The Council today decided to impose restrictive measures on an additional 12 individuals and 8 entities for their role in the ongoing internal repression and human rights abuses in Belarus. These measures are in addition to those adopted today in the context of Belarus’ involvement in Russia’s war against Ukraine and constitute sixth round of sanctions against the Lukashenko regime linked to the domestic situation in Belarus
This illegitimate regime continues wide-spread human rights violations and brutal repression against all segments of the Belarusian society. The European Union continues to stand in solidarity with the people of Belarus. This sixth round of sanctions is another example of our determination to act when human rights are violated.
Josep Borrell, High Representative for Foreign Affairs and Security Policy
Today’s decision targets prominent individuals responsible for continued human rights violation or seriously undermining democracy and the rule of law in Belarus. The listed individuals are responsible for the repression of civil society and the democratic opposition, or benefit from and support the Lukashenko regime. The new listings include high ranking state officials, businessmen and their family, members of the judicial branch, and prominent propagandists, responsible for spreading disinformation and calling for violence.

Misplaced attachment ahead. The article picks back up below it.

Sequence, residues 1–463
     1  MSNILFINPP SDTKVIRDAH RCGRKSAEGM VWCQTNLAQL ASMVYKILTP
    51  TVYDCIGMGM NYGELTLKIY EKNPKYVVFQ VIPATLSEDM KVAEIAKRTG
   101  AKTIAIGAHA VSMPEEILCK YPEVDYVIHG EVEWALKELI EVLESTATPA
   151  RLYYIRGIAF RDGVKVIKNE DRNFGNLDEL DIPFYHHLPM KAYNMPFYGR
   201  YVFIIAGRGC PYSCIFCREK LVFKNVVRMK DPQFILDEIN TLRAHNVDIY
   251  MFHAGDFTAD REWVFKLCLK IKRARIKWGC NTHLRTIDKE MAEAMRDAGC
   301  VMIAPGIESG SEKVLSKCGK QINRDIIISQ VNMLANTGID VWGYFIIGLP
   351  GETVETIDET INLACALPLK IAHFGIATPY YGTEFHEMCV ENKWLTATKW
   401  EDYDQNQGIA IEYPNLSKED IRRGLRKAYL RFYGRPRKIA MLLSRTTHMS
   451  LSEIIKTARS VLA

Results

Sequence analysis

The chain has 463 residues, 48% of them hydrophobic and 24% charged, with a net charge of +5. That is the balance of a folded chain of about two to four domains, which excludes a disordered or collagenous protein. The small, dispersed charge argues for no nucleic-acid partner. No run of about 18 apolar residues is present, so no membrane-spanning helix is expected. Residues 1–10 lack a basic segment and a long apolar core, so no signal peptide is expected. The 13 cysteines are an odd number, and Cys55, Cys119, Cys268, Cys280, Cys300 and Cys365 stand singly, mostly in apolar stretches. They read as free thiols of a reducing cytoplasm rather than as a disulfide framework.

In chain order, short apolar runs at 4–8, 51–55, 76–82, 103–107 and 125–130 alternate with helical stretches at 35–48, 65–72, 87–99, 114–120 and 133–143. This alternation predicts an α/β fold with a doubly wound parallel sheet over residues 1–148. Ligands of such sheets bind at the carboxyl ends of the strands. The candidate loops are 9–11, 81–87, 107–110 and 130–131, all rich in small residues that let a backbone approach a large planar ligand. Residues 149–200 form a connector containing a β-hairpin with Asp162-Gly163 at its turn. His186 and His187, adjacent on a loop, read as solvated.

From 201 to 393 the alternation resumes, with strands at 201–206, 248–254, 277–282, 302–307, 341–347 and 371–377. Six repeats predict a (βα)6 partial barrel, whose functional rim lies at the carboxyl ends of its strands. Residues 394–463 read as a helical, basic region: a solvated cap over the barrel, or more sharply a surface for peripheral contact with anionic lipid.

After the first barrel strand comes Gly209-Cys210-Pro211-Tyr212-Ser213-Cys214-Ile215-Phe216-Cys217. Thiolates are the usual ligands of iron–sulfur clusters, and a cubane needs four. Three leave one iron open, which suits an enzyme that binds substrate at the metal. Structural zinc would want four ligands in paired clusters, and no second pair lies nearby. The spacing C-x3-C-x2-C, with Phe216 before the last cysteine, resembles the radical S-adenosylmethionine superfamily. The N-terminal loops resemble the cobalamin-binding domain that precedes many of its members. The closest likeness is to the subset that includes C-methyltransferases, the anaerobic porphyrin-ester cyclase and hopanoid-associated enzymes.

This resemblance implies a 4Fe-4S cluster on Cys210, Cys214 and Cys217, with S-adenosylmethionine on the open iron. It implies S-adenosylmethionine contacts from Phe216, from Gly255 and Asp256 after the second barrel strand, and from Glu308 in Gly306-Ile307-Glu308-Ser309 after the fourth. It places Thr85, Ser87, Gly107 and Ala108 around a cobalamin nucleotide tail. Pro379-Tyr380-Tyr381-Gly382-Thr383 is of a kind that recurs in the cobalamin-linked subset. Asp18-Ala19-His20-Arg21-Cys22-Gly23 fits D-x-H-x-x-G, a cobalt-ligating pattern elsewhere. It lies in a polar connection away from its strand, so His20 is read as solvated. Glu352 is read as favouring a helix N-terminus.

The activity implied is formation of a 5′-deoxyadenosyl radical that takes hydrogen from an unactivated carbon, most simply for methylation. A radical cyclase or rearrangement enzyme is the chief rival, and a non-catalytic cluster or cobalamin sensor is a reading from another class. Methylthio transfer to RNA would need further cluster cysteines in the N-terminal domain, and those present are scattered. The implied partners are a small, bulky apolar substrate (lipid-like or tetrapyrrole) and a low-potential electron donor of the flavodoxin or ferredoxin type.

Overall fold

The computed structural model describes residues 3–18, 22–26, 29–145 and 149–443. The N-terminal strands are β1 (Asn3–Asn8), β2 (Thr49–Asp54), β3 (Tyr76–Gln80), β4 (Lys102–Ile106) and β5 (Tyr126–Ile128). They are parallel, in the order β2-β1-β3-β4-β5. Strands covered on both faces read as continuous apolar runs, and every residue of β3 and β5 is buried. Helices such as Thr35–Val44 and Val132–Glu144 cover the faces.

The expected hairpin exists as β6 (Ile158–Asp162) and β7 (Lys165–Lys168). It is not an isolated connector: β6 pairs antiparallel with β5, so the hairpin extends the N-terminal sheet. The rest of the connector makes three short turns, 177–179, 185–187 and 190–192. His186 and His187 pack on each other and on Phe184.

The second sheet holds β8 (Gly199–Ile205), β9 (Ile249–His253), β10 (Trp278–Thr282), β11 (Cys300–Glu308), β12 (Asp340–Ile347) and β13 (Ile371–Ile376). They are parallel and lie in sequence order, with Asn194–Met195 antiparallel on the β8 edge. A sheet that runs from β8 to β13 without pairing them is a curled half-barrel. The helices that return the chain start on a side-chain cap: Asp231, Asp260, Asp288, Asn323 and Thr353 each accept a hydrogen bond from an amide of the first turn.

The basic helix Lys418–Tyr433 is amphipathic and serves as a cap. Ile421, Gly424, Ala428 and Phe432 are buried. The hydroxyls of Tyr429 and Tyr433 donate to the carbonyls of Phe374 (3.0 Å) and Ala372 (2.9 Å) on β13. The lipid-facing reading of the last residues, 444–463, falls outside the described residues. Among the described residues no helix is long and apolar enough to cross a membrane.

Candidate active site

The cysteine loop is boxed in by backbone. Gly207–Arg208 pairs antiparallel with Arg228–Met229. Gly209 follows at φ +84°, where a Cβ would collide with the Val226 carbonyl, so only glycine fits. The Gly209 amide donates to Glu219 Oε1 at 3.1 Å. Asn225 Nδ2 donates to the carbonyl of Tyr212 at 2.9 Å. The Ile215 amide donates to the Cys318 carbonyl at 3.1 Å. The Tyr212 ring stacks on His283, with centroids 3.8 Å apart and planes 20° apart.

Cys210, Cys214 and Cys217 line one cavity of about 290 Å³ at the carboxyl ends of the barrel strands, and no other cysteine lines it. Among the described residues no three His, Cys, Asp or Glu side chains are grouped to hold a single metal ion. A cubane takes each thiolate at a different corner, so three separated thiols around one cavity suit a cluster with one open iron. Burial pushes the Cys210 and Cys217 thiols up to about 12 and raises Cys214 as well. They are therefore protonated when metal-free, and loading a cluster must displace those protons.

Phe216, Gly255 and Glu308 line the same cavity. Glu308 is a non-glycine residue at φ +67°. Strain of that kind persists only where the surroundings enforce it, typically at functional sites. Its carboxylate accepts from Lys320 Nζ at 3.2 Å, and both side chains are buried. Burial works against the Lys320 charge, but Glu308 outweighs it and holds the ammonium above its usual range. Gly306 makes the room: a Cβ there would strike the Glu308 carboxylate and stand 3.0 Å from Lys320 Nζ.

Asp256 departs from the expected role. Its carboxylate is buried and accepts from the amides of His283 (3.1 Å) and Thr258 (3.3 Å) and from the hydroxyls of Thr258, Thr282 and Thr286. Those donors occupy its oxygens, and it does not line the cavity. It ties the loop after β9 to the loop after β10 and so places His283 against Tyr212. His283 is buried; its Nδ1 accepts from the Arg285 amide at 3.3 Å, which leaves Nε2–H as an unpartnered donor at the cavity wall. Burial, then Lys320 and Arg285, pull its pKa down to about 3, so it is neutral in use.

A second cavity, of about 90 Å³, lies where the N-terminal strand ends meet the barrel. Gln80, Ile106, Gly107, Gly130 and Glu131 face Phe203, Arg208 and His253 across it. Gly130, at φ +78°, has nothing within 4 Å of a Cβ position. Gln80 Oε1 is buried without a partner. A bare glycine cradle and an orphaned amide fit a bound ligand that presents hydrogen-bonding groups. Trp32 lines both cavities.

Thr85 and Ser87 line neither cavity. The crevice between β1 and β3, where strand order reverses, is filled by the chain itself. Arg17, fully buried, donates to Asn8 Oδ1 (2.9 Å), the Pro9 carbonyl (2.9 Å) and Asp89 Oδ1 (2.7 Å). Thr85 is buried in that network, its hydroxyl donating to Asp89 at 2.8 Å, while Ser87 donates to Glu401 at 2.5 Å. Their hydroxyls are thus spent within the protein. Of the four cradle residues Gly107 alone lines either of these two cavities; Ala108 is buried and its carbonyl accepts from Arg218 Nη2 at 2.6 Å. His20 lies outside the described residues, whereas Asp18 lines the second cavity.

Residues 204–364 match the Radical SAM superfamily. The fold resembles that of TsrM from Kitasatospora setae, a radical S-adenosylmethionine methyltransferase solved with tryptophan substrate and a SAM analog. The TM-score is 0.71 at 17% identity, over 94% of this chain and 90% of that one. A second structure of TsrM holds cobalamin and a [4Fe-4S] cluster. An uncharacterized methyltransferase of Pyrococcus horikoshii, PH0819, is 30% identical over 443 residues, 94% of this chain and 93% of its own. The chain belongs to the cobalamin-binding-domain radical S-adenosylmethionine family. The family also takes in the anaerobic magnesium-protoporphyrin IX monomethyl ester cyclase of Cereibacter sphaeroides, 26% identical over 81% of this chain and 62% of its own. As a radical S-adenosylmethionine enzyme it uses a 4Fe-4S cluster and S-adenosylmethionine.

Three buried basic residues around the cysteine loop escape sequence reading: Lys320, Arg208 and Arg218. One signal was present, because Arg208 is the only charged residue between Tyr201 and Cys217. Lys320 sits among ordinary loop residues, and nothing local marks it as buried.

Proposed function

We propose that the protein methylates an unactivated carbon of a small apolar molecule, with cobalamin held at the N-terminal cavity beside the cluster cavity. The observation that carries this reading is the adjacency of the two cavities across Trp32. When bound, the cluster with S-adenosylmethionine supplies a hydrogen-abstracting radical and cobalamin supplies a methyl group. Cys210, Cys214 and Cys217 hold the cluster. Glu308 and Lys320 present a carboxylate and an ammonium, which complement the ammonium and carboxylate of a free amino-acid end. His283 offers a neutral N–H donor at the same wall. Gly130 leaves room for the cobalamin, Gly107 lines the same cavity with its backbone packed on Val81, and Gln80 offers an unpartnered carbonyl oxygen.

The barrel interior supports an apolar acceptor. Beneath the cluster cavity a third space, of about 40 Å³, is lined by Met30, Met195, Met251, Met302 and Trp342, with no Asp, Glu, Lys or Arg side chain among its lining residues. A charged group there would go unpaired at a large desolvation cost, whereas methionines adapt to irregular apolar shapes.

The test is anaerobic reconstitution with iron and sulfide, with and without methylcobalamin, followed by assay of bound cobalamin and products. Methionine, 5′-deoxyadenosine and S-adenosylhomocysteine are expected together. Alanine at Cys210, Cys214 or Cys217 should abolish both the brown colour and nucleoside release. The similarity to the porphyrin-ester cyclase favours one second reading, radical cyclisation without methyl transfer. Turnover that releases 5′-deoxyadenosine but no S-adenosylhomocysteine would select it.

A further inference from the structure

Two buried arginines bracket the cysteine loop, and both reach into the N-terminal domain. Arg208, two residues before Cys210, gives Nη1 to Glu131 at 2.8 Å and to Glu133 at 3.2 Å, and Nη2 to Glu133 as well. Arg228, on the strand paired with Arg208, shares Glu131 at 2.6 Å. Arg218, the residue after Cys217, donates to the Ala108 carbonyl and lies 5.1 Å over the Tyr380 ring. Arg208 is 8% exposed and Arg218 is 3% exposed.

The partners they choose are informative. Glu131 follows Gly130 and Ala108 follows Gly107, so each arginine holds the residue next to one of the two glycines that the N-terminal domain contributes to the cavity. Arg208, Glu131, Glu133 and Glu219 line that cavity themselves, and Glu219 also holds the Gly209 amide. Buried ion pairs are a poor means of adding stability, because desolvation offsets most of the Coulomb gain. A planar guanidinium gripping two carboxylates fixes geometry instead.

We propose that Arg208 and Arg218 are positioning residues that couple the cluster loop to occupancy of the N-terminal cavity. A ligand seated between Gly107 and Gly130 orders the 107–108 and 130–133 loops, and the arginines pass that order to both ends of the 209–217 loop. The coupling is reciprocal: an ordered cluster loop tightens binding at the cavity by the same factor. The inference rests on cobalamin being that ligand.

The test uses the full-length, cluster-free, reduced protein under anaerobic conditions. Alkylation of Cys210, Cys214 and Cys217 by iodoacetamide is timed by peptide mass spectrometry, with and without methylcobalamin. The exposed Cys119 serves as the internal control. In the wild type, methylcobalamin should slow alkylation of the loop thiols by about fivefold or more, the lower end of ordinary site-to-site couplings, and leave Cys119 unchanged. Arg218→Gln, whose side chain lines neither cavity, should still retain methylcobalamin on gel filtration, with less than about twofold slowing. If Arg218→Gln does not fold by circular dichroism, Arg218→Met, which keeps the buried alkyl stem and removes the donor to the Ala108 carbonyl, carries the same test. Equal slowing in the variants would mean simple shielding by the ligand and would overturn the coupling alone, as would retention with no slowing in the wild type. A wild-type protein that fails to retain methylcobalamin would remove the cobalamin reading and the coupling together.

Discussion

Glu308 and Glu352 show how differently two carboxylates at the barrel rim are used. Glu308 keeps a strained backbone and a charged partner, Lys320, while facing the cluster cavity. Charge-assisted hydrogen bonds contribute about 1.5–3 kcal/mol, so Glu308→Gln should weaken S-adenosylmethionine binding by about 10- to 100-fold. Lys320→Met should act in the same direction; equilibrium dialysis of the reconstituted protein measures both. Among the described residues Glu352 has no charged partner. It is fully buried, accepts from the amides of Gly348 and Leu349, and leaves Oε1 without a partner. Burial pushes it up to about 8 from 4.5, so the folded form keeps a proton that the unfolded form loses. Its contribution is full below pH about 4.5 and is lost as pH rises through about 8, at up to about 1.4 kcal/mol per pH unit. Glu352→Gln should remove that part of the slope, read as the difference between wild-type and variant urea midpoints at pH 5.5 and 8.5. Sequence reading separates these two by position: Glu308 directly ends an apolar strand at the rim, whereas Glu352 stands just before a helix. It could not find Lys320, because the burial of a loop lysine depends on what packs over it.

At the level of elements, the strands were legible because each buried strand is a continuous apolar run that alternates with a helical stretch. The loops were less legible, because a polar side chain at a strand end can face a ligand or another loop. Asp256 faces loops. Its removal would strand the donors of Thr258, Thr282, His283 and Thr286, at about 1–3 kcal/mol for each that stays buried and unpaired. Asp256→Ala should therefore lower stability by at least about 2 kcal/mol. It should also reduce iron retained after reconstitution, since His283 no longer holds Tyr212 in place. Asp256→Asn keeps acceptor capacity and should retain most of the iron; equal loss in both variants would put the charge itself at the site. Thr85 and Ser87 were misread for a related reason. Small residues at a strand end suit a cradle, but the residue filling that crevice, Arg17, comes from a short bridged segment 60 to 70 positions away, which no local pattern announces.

Today’s round of sanctions, the sixth since October 2020, also targets companies such as Belaruskali, Belarus’s main potash producer, and its export arm, Belarusian Potash Co., the state television and radio broadcasting company Belteleradio, as well as other companies manufacturing tobacco and public transport vehicles.
Altogether, EU restrictive measures on Belarus now apply to a total of 195 individuals and 35 entities. Those designated are subject to an asset freeze and EU citizens and companies are forbidden from making funds available to them. Natural persons are additionally subject to a travel ban, which impedes them from entering or transiting through EU territories.
The relevant legal acts, including the names of the persons concerned, have been published in the Official Journal.
The EU stands ready to support a peaceful, democratic transition in Belarus. It is also ready to adopt further restrictive measures, if the situation in the country does not improve.
Since October 2020, the EU has progressively expanded its restrictive measures in light of the situation in Belarus.
On 15 November 2021, the Council amended the designation criteria to allow for the application of targeted restrictive measures against those organising or contributing to activities by the Lukashenko regime that facilitate the illegal crossing of the external EU borders.
Most recently, the legal framework for restrictive measures in view of the internal situation in Belarus was prolonged for one year, until 28 February 2023.
As concerns international developments, since February 2022, the EU has condemned in the strongest possible terms Belarus’ involvement in Russia’s unprovoked and unjustified military invasion of Ukraine, and consequently adopted a variety of restrictive measures.